Then, I reviewed the song selection: two songs written by Joni (more below) and ten covers of oldies. And I mean real oldies. Starting with the 1933 song, "You're My Thrill," and continuing with "Comes Love" (1939) to relative newcomer "You've Changed" (1968), and back to old-timer, "Sometimes I'm Happy" (1925).

Joni MitchellIt hurts to call Both Sides Now a failure because I have come to truly enjoy Joni's rich voice. Unfortunately, the songs are too obscure, and the arrangements too quaint to resonate with a modern audience. The few chestnuts in the bunch include "Stormy Weather" (1933) and "I Wish I Were in Love Again," written by Lorenz Hart & Richard Rodgers (1937).

What's going on? Explains Joni, "The song sequence itself traces the arc of a modern love affair. I've always used my albums as a way to tell a story to take the listener on a trip. I wanted this one to develop sequentially, with a beginning, a middle, and an end, telling the story of what two people in love take each other through."

Not surprisingly, the highlights on the album are Joni's own songs: a reworking of "A Case of You" (from her 1972 release, Blue), and the ending song, "Both Sides Now." Explains Joni, "I wrote it when I was 21 and was really steeped in the classics of the genre. So it seemed to fit. It is a philosophical statement that brings the concept of the album full circle."

Joni MitchellThe philosophical statement I don't agree with. But I love her lush and world-weary vocals on Both Sides Now - I just wish there as more of it on the album. I used to think that "Both Sides Now" was kind of a sappy song, But I really like how Joni delivers it with understated elegance and lovely sax solos from Wayne Shorter.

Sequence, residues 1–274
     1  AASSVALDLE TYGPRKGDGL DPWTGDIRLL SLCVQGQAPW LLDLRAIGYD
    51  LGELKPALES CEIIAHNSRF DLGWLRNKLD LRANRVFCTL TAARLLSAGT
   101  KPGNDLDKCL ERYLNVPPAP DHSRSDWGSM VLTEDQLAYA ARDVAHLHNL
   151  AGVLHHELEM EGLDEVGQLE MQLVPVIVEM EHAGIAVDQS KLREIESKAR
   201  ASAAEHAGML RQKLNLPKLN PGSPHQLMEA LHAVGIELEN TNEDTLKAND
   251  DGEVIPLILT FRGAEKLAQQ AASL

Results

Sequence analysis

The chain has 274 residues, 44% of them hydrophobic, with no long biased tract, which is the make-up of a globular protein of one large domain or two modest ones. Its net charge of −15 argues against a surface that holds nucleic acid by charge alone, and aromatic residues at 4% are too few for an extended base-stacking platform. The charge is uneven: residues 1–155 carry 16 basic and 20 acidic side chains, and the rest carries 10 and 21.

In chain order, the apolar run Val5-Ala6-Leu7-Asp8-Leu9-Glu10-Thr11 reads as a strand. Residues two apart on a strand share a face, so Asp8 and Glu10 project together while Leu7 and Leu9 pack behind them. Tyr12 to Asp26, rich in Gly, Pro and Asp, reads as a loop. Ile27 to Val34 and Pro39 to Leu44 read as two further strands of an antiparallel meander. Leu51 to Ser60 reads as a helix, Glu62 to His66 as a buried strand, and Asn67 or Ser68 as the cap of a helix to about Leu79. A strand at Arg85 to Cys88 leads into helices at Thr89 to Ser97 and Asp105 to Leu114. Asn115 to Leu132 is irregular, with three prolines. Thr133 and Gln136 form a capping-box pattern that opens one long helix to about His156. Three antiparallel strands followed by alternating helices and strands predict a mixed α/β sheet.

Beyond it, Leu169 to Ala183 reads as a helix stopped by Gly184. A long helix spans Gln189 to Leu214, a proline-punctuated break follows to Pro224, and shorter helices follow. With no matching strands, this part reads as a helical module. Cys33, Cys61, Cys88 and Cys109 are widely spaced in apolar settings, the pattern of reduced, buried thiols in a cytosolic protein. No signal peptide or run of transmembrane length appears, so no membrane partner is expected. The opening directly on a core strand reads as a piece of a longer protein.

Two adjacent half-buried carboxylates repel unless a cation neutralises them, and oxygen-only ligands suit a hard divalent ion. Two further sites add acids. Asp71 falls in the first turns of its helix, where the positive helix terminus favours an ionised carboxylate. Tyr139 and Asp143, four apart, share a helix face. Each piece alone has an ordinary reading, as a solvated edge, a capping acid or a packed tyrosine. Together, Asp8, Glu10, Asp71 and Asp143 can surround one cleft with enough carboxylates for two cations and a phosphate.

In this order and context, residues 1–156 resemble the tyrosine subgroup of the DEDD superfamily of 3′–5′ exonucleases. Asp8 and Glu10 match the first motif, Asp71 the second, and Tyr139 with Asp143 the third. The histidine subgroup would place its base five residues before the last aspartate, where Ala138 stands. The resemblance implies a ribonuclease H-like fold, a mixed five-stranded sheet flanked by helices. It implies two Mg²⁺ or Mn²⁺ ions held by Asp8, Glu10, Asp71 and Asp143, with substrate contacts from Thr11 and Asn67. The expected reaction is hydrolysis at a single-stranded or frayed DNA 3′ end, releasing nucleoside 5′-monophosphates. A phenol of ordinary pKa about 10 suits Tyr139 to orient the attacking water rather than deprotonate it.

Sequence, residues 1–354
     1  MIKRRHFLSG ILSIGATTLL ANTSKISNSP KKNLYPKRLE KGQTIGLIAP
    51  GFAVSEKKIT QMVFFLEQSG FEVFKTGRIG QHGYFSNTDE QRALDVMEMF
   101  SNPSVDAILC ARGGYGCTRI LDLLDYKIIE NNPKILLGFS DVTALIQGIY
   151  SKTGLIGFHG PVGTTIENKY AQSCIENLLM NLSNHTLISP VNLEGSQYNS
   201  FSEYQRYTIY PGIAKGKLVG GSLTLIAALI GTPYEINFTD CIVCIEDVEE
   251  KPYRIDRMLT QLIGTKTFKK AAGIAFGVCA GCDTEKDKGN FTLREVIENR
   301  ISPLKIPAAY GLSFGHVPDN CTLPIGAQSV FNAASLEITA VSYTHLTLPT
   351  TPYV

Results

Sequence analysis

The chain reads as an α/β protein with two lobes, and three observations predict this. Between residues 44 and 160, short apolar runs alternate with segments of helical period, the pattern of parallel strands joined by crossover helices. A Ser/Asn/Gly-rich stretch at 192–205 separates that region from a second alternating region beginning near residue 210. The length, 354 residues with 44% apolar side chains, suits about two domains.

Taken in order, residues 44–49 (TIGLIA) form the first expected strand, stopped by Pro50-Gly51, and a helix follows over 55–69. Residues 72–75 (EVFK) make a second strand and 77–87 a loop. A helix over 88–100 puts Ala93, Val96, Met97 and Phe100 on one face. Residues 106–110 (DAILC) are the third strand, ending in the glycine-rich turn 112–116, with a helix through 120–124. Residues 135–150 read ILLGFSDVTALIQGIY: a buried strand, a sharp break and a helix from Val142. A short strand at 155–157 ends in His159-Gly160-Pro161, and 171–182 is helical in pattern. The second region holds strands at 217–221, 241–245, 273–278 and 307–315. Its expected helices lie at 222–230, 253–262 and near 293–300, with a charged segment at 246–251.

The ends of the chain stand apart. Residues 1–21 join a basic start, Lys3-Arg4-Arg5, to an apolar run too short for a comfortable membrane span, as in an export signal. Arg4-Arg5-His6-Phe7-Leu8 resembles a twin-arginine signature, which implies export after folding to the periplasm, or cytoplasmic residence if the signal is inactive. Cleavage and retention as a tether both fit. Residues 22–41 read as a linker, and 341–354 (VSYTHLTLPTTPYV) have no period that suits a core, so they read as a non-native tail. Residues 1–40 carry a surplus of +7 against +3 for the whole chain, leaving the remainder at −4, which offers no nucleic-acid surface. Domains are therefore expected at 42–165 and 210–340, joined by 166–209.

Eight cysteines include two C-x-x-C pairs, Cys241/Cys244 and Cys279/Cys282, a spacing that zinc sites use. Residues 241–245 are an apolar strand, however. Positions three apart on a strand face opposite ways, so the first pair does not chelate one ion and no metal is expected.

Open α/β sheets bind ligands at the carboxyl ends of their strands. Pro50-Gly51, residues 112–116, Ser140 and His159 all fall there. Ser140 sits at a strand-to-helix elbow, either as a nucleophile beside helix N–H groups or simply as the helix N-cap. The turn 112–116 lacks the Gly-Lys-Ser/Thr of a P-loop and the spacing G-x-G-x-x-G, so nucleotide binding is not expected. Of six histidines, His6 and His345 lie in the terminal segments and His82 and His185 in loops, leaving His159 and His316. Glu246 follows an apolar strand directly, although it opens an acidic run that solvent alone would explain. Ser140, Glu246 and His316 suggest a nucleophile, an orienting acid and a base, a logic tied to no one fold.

And I also like Joni's attitude. Here's what she said in a recent interview with Rolling Stone:

Interviewer: "Did you watch the footage of the riots at the last Woodstock?"

Joni MitchellAnswer: "Caught a glimpse of it. It is just part. The world has gone made, you know. It is just junk. People's values are junk. What they spend their money on is junk. What they do to get their money is junk. They are junking the planet, basically."

Interviewer: "Besides that, are you optimistic?"

Answer: "Yeah, I am. I want to try and build some chi and some strength so I can ride this dark current that we are entering into."

Interviewer: "Back at the beginning of the 90's, I got a call from you claiming you were quitting the music business."

A friendAnswer: "Well, I've been saying that since I got in. The music business just makes me sick. It's just a joke. Where are the adults? This is whiners and screamers and screechers, and they are full of themselves over nothing . . . I am ashamed to be a part of it. I hate it with a passion."



Now, that's real attitude. Too bad we don't hear more of it on Both Sides Now.

- Randy Krbechek © 2000